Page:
Change of approach to fisheries management 'premature at best', says MEP – Fishupdate.com

Change of approach to fisheries management ‘premature at best’, says MEP Published:  06 September, 2007

Elspeth Attwooll says methods must be fit for purpose

Speaking after today’s European Parliament vote on a report on Maximum Sustainable Yield (MSY) in fisheries, Lib Dem MEP Elspeth Attwooll endorsed the Rapporteur’s conclusion that it was not appropriate to introduce this form of fisheries management without further research and the exploration of other options.

Ms Attwooll commented: “There are various problems to be resolved. It is not clear how the approach could be successfully applied to mixed fisheries and it is not suitable for pelagic species. We do not anyway have all the data needed to establish the point at which MSY would occur, even for a single demersal stock. The scientific community at large, too, seems to accept that the model is in need of major refinement”.

She added: “Of course we must take conservation of fish stocks seriously. But we have to be sure that the methods we use are fit for purpose and do not run the risk of being counter-productive, particularly given the kind of fishing mainly engaged in by the Scottish fleet. I am encouraged that the report is taking such a robust approach to the issue. What are really needed are long term management plans for each individual stock”.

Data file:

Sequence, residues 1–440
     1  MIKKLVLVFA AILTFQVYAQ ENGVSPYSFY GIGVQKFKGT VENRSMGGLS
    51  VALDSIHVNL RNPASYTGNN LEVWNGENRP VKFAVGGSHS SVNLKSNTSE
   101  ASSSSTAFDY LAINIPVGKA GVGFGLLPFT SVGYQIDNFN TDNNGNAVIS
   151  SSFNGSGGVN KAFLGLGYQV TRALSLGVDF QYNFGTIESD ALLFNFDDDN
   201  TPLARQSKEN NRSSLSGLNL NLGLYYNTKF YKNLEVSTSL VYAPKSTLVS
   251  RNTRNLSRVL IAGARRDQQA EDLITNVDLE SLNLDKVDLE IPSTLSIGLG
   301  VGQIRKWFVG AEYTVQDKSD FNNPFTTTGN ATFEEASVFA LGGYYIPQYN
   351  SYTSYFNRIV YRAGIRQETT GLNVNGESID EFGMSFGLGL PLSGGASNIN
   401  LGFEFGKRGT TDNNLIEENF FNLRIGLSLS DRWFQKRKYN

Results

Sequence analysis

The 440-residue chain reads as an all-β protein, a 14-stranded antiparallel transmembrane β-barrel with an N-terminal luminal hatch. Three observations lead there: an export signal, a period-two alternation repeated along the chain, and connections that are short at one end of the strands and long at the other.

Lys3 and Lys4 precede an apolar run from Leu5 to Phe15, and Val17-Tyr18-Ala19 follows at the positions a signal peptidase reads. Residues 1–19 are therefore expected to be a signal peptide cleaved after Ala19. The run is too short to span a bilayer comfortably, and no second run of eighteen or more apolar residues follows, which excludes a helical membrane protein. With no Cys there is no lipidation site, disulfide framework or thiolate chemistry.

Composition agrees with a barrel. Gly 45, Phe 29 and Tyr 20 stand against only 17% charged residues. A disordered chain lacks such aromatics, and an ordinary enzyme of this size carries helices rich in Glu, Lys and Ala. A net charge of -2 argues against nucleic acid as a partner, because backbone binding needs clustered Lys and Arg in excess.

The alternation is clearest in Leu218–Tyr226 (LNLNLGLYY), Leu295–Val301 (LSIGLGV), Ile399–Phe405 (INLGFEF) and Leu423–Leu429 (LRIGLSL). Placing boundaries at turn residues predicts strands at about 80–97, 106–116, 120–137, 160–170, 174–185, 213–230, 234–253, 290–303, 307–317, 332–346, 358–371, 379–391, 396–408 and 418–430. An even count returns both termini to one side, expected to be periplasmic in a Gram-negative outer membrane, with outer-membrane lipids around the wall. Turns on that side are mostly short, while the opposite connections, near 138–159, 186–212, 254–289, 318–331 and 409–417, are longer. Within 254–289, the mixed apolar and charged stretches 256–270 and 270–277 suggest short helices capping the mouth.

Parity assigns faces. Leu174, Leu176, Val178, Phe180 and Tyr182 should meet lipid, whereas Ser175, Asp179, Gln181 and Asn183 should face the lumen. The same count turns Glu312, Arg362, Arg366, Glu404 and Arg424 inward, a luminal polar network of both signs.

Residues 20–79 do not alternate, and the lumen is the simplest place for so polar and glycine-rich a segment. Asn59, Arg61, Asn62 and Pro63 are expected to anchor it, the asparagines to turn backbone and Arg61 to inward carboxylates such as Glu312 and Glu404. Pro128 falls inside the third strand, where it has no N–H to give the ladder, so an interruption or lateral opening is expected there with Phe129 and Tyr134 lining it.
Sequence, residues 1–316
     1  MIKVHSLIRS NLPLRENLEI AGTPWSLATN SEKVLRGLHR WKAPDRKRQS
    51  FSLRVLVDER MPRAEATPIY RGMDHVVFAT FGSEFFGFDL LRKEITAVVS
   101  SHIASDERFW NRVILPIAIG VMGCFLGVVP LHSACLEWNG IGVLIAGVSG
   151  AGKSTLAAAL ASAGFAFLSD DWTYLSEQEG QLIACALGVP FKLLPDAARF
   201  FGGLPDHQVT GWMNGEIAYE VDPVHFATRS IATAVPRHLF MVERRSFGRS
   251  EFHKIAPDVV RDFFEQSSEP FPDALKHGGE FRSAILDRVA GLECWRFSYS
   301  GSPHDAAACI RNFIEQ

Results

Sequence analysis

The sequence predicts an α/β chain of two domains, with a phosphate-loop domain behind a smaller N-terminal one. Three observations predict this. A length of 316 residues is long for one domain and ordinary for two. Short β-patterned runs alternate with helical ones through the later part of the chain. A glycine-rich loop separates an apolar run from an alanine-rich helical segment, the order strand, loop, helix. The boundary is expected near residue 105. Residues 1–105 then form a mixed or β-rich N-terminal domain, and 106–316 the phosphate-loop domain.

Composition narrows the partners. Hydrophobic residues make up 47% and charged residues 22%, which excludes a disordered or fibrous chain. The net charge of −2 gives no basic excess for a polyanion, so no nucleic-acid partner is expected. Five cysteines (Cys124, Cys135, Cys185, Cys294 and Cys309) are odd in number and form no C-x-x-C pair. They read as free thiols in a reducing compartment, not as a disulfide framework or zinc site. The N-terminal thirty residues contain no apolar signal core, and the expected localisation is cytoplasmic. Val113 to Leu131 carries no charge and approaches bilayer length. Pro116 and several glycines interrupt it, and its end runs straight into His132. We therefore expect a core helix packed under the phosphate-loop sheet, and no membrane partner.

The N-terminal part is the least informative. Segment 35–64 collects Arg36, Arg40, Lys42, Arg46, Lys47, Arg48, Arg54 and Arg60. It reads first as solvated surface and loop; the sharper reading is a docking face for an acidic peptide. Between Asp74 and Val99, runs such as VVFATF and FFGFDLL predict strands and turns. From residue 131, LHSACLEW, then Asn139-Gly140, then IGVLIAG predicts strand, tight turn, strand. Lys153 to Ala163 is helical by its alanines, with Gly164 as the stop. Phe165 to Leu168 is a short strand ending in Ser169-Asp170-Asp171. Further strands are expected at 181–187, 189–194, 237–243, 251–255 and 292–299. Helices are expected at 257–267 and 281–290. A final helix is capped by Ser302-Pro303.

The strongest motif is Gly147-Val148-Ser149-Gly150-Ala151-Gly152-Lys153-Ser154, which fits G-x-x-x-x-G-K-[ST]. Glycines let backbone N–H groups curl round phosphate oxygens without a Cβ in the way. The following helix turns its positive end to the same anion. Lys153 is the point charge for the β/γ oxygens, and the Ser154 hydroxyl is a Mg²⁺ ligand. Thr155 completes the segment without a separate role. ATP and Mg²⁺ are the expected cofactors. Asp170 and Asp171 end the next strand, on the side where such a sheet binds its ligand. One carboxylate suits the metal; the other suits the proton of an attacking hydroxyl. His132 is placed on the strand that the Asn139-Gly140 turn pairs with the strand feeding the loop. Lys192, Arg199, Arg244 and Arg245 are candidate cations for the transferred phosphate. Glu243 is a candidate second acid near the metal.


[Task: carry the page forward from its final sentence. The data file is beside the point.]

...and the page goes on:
The report by Carmen Fraga Estevez (EPP-ED, ES) is in response to the European Commission’s communication on “Implementing sustainability in EU fisheries through maximum sustainable yield.

Maximum Sustainable Yield is a reference point whose objective is to maximise the economic yield of a fishery in relation to the biological capacity of the stock.

At the 2002 Johannesburg Summit on Sustainable Development, the Member States of the EU made a political commitment to achieve Maximum Sustainable Yield in fisheries management by 2015, but since then this model has largely been superseded by new scientific approaches, which conceive the ecosystem as a whole and incorporate aspects relating to the environment, species interrelation, and economic and social factors.

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